When the autumn leaves begin to fall, and a chill is in the air, Halloween is on its way, and pet owners must prepare for the day. Humans don costumes and decorate with delight, but all the festivities can cause pets quite a fright. Candy, costumes, and strangers at the door, pose a pet safety hazard you shouldn’t ignore. Our Creature Comforts Veterinary Service team cares about your pet and shares four pet safety tips for the best Halloween yet.
#1: Keep chocolates on a shelf as this sweet treat can harm pets’ health
If you dig through your child’s trick-or-treating bag for chocolate, you are not alone. The allure of a Snickers bar, the promise of a Milky Way, or the classic charm of an M&M’s pack can prove irresistible, not only for you but also for your pet. While you can savor chocolate’s rich and creamy flavor, a small piece can be toxic to your four-legged friend. Chocolate contains methylxanthines, two of which—caffeine and theobromine—are responsible for chocolate toxicity in pets:
- Caffeine — Caffeine can cause the same health issues in pets as in people who ingest too much. If your pet gets their paws on some chocolate, their heart may begin to race, and they may develop an arrhythmia. Caffeine can also raise blood pressure, cause hyperactivity, and lead to tremors and seizures.
- Theobromine — Physicians prescribe theobromine to people as a heart stimulant, diuretic, blood vessel dilator, and muscle relaxant. However, pets are unable to metabolize theobromine, making this substance toxic to them.
The more bitter a chocolate tastes, the more toxic. However, if your pet consumes enough, any chocolate type can be harmful. So, as you scour through the spoils of your child’s hard-earned loot, ensure chocolate treats stay well out of paws’ reach. If you believe your pet has eaten chocolate, immediately contact our Creature Comforts Veterinary Service team, the American Society for the Prevention of Cruelty to Animals (ASPCA) Animal Poison Control Center, or the Pet Poison Helpline.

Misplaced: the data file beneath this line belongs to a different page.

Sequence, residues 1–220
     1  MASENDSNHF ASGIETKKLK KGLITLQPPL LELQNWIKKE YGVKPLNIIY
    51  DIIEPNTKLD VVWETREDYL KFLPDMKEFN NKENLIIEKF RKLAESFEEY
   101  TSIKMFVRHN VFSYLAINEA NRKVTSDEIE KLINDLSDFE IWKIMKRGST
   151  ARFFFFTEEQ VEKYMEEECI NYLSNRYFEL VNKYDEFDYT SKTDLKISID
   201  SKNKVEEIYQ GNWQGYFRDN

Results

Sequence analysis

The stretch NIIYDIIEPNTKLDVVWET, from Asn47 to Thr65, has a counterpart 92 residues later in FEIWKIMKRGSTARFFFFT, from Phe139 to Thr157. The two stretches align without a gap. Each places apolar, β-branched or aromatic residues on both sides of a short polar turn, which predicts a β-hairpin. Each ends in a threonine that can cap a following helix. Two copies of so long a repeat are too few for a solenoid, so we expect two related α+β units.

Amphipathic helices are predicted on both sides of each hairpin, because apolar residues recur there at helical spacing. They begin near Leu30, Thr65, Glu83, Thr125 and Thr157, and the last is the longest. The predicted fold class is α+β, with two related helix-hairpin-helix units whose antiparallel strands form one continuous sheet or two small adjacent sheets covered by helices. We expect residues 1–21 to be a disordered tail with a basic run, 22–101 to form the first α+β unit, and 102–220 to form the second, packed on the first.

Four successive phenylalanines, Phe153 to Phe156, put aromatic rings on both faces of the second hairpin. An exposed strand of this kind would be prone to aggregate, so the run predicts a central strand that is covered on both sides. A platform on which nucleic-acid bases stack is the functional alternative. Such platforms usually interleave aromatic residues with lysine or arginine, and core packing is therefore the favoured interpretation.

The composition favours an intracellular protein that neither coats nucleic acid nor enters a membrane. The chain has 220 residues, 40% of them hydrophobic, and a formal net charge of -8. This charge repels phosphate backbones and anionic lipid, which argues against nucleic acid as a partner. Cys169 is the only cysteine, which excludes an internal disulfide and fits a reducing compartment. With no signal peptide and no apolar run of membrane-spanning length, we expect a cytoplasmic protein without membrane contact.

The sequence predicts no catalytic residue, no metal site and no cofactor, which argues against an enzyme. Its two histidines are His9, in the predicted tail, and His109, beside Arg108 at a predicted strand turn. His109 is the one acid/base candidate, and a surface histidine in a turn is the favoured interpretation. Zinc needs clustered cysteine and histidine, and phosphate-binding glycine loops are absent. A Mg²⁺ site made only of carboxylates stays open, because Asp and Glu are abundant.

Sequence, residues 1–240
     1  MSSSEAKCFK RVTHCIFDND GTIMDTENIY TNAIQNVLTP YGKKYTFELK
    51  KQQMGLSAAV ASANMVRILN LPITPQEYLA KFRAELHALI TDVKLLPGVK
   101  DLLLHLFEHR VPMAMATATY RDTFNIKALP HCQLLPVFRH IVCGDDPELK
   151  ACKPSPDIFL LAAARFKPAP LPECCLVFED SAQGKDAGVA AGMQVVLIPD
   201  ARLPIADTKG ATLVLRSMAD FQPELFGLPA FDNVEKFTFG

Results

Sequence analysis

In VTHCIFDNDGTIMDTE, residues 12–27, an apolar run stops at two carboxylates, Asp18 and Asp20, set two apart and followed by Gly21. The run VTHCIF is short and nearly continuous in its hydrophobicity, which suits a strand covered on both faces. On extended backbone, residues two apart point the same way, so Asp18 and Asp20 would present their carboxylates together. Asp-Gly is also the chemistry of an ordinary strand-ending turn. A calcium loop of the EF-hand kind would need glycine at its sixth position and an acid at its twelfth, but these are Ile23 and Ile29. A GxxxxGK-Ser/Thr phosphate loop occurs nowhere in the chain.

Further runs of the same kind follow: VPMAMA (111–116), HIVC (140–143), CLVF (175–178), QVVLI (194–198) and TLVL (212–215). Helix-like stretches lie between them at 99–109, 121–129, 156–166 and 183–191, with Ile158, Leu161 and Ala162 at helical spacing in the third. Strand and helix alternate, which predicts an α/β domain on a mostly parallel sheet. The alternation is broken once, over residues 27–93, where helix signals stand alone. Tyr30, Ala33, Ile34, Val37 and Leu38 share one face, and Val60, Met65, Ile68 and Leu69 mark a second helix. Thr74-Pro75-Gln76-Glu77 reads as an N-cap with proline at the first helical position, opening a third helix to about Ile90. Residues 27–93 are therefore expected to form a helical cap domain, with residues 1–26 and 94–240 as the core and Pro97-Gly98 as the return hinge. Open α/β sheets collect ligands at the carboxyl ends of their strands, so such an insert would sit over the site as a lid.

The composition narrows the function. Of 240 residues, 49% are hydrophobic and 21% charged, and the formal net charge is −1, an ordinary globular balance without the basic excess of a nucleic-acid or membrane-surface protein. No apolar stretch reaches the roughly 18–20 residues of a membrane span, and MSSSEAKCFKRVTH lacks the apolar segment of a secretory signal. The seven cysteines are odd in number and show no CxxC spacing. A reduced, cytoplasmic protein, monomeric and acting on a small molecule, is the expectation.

#2: An open door and strangers outside can cause your pet to run and hide
Halloween’s strange sights and sounds can frighten the most mild-mannered pet, who may react impulsively and run away through an open door. Prevent your pet from slipping outside as you greet trick-or-treaters by keeping them in a quiet area away from the door. Also, ensure your pet is microchipped and wears an identification (ID) tag, both with your current contact information, so your furry pal has a good chance of being returned to you should they escape.
#3: Pets wear costumes for your sake, so be kind and give them a break
We all enjoy seeing cute costumed pets. However, not all pets are comfortable dressing up. If your pet appears stressed when you start dressing them, do not force them to participate. If your pet is cooperative, ensure their costume is safe. When dressing your pet for Halloween, consider these factors:
- The costume’s fit — If the costume is too tight, your pet’s skin could become irritated, or they could have difficulty breathing. If the costume is too loose, they could get tangled in the extra material and trip or choke. Ensure your pet’s costume fits well.
- Your pet’s mobility — Some pet costumes impede their mobility, causing them to panic. Ensure your pet can move around easily while wearing their costume.
- Your pet’s vision — A costume that impedes your pet’s vision could be a safety hazard. Ensure your pet can see normally while wearing their costume.
- The costume’s embellishments — If your pet’s Halloween costume has embellishments on which they could trip, or tempt them to chew off, they are safety hazards. Ensure your pet’s costume doesn’t have any loose or dangling parts.
#4: Decorations create a spooky feel, but pets may view them as a meal
Spooky decorations add to the Halloween ambiance, but they could be harmful to your pet. Consider Halloween decorations’ dangers:
- Jack-o’-lanterns — Candle-lit jack-o’-lanterns can easily burn or singe curious pets, or cause a fire. If you light your jack-o’-lantern with a real burning candle, place it out of your pet’s reach or outside.
- Glow sticks — The liquid inside most glow sticks is nontoxic, but if your pet ingests the fluid, they will feel sick, making them drool and vomit. If glow sticks are part of your Halloween decor, keep them away from your pet, and dispose of the items carefully.
- Motion-activated figures — Animated figures can frighten and startle your pet, causing them stress, and possibly providing an impetus to run away.
- Cords — Some pets enjoy chewing electrical cords, which can lead to a shock or a fire. Keep all electrical cords hidden from your pet or out of their reach.
Contact Creature Comforts Veterinary Service to microchip your pet, and follow our Halloween safety tips to ensure your pet is set.